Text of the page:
Crude was steady near a six-week trough below $75 a barrel, after weak U.S. economic data signaled the world's top oil-consuming nation will struggle to work through the most ample petroleum inventories in two decades.
U.S. crude for September, the front-month contract expiring at the end of Friday trading, shed 2 cents to $74.41 at 0512 GMT, heading for a second consecutive week of losses.
The more active October contract, which will become the front month from Monday, gained 2 cents to $74.79, while ICE Brent for October rose 13 cents to $75.43.
The frail U.S. economy received fresh setbacks on Thursday as data showed new U.S. jobless claims scaled a nine-month high last week and mid-Atlantic manufacturing shrank in August for the first time in more than a year, sending Wall Street lower.
Japan's Nikkei average fell 2 percent on Friday on worries of a deepening slowdown, while the dollar stayed within reach of a 15-year low against the yen, as investors fled risk. .T
Financial market trends are quite an important factor, said Tetsu Emori, a fund manager at Tokyo-based Astmax Co Ltd. Both the money flow and the fundamental side are quite negative for the oil market now.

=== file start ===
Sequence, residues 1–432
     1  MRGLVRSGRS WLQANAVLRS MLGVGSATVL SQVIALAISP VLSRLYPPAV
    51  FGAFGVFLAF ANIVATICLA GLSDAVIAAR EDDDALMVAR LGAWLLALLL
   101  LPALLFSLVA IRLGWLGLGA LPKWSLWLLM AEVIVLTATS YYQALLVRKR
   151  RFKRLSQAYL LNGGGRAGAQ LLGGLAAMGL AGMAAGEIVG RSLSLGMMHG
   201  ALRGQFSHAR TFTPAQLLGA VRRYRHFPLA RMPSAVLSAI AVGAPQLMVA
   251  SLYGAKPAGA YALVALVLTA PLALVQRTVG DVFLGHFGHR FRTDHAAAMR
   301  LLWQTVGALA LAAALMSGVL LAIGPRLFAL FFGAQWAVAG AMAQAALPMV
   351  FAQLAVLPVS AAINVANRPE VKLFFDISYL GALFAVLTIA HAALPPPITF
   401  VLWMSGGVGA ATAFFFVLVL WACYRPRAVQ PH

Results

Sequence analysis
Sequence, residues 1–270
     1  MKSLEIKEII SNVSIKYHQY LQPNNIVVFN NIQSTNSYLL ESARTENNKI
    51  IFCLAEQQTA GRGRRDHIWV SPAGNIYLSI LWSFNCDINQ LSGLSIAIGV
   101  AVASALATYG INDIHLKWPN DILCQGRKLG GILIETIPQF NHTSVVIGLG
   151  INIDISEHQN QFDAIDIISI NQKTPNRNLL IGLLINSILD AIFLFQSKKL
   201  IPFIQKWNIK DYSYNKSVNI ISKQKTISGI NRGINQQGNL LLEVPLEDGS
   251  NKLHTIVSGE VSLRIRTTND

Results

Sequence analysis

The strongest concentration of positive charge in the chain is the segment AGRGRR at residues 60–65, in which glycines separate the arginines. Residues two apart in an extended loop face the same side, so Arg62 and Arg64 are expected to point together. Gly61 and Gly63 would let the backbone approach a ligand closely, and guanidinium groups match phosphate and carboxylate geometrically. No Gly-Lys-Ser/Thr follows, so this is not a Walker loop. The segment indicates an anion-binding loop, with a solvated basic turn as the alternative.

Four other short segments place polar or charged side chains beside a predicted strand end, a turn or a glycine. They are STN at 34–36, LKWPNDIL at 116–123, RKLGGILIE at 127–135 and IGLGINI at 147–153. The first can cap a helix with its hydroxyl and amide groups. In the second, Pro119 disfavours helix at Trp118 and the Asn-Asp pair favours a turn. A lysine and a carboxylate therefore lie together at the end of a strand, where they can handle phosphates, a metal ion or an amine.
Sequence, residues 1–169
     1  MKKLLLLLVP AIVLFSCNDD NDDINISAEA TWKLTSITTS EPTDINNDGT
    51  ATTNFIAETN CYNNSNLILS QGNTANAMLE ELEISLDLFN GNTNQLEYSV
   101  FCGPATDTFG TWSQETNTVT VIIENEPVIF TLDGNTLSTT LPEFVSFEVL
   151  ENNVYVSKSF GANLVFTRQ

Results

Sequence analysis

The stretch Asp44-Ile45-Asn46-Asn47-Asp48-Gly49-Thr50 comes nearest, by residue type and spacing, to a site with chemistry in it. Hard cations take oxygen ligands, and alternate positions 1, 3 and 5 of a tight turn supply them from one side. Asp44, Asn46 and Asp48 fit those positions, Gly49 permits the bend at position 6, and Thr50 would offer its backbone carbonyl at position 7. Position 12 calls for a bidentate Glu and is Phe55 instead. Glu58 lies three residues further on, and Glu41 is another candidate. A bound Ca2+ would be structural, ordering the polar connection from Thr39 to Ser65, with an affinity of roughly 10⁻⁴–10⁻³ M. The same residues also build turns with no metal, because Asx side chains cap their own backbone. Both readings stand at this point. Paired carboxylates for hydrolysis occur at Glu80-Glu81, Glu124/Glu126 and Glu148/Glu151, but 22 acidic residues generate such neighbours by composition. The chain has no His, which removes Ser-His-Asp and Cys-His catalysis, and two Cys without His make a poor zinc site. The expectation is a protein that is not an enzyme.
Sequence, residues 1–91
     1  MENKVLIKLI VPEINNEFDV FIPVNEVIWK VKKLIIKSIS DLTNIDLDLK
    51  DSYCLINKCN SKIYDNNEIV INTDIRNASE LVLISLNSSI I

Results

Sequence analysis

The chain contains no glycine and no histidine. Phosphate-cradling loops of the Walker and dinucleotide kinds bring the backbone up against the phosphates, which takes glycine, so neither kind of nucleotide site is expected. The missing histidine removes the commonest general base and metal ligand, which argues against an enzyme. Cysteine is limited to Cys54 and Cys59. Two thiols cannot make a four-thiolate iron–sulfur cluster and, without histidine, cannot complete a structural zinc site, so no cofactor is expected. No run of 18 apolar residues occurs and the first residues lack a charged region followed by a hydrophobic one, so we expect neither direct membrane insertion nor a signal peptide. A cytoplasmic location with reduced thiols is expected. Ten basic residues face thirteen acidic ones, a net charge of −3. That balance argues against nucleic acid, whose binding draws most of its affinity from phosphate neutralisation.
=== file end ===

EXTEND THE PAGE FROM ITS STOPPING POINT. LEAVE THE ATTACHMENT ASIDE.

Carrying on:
Front-month U.S. crude settled below $75 on Thursday for the first time since July 12, after touching a trough of $73.83 on Wednesday, the lowest intraday price since July 7.
The contract is now the closest to being oversold it has been in three months.
In the short term, the market is probably oversold, so short covering is happening at the moment, Emori said, referring to sporadic price rebounds earlier on Friday.
A deteriorating U.S. labor market and slowing manufacturing activity may restrain growth in oil demand at a time when the country's total petroleum inventories hold at a record high level according to a weekly series of data which began in 1990.
These should be limiting factors for the oil market, Emori said. A big improvement of the economic situations of the U.S., Japan and Europe would be necessary for prices to move higher on a sustained basis, he added.
Initial claims for state unemployment benefits increased 12,000 to a seasonally adjusted 500,000 last week, the highest since mid-November, the Labor Department said, and the third straight week of gains -- a trend last seen in January. Financial markets had expected claims to slip to 476,000.
The Philadelphia Federal Reserve Bank said its business activity index dropped to minus 7.7, the lowest since July 2009, as new orders and shipments fell.
Japan, the world's third-largest oil user, earlier this week said economic growth slowed to a crawl in the second quarter.
A large area of disturbed weather off the west coast of Africa has a low 20 percent chance of developing into a tropical depression over the next 48 hours, the U.S. National Hurricane Center said on Thursday.
(Editing by Himani Sarkar)